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Amend the Constitution from Your Living Room

Screenshot: http://constituicao.wikispaces.com/

Screenshot: http://constituicao.wikispaces.com/

While the Web is upgrading to version 3.0, e-governance seems to be trapped in an eternal beta phase. A seemingly simple step like using electronic voting stations is still considered a great success wherever applied. But even more common are decisions to simply leave elections analog and offline.

But if you cannot bring the government to the people, you might bring the people to the government. An interesting initiative to bring governance and online technology together was launched in Portugal in July. The Institute for Portuguese Democracy (IDP), a Lisbon-based political, nonpartisan think tank has opened a website that allows users to use a wiki to draft the country’s constitution as easy as an article on Wikipedia.

The project, named Constituição 2.0, aims to shake people from “indifference and lack of involvement in the political process, brought on by distrust of politicians”, as IDP’s internet strategist Leonardo de Melo Goncalves explains. More than one month into the project, only a few web-users have used their chance to pass “amendments”, in spite of the projects presence on Youtube, Facebook and Twitter. In fact, only 23 users have registered and added their suggestions to the project. People’s absence on summer breaks could be one explanation, but a more plausible one is connected to a conscious decision by the Institute. Aiming for a general make-over of the detailed and outdated current constitution, they opted to start from scratch by simply opening an empty document. I wonder whether Portuguese voters’ indifference has gone so far that they will not even draft a constitution from their living room or whether the (almost) empty sheet might simply overwhelm them.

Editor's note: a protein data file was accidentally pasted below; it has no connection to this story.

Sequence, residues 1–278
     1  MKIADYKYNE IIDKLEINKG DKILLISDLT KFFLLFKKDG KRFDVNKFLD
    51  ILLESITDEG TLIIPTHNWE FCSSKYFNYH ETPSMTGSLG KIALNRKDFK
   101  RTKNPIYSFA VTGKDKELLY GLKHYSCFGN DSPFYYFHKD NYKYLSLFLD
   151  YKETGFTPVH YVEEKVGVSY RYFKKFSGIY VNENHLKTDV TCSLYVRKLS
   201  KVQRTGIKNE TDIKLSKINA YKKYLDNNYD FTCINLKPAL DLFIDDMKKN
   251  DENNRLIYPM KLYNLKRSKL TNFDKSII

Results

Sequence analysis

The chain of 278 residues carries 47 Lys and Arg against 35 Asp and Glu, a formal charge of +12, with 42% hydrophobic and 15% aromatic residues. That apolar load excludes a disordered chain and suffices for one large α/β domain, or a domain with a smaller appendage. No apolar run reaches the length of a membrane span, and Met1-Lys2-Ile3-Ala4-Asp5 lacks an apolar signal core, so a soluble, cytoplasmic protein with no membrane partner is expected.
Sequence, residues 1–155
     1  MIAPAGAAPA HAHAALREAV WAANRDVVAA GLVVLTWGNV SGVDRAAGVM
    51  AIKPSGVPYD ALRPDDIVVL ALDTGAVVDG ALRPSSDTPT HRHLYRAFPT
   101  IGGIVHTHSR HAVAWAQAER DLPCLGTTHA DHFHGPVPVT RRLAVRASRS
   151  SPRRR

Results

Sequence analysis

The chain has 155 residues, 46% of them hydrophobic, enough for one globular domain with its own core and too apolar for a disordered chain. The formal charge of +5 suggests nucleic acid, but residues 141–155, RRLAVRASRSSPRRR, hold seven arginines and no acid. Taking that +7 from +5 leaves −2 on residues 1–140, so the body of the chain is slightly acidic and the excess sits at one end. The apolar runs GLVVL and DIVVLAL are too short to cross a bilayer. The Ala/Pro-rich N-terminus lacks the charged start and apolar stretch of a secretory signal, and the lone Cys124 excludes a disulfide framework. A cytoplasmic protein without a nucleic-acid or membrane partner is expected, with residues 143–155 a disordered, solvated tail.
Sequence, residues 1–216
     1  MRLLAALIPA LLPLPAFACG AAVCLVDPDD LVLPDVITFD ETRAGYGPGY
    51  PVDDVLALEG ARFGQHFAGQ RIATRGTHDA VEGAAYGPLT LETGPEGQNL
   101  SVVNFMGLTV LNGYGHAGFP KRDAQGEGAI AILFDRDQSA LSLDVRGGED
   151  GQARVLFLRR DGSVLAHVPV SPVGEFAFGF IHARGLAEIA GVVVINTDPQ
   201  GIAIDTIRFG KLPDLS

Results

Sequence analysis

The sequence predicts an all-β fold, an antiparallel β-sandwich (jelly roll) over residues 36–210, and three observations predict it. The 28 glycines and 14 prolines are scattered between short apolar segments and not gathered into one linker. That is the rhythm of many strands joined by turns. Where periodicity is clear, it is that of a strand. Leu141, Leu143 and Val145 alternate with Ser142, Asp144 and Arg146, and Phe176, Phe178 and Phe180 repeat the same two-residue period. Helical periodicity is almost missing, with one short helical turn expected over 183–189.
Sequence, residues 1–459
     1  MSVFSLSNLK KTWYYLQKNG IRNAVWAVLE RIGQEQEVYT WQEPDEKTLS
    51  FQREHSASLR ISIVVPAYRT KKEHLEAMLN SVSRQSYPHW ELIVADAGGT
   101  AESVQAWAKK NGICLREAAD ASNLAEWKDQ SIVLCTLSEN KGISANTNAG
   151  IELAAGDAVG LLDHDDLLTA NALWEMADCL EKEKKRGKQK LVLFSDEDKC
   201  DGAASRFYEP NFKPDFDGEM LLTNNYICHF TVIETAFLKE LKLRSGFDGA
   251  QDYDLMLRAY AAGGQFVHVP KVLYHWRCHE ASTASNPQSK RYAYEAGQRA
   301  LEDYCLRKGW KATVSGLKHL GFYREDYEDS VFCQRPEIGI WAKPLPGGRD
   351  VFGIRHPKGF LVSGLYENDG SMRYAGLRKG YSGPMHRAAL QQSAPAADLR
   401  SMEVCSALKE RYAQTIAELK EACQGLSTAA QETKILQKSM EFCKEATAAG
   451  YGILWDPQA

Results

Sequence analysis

The initiative has received only little echo on the Web, probably because the website is available in Portuguese only. However, an article in Ha’aretz has examined the possibility of copying the scheme in Israel. In that case, there would be little alternatives other than starting from scratch. Israel has no formal constitution to this date, but suffers from the same distrust of politicians reported in Portugal. Fearing strident views would drive out more patient and constructive efforts to achieve a consensus, one talkbacker suggested the probably more feasible method of having an “expert-Wiki” open for outside comments.

It seems that drafting a complete online constitution is simply too big a challenge for the current capabilities of e-governance.

3 Responses to “Amend the Constitution from Your Living Room”

  1. The Swiss government invited its citizens to contribute to the drafting of a security white paper earlier this year.

  2. it could simply be that a document such as this should receive a better forum for editing than a wiki page? A constitution is a pretty important thing, and if anyone can go online, register and start suggesting changes to it. It almost belittles it.

  3. When the Swiss constitution was amended in the 1990ies, the government launched a “people’s discussion” to debate constitutional provisions. In relation to the preamble, which was drafted by a Swiss novelist, the government received comments from about 100 political organizations and 6,400 individuals.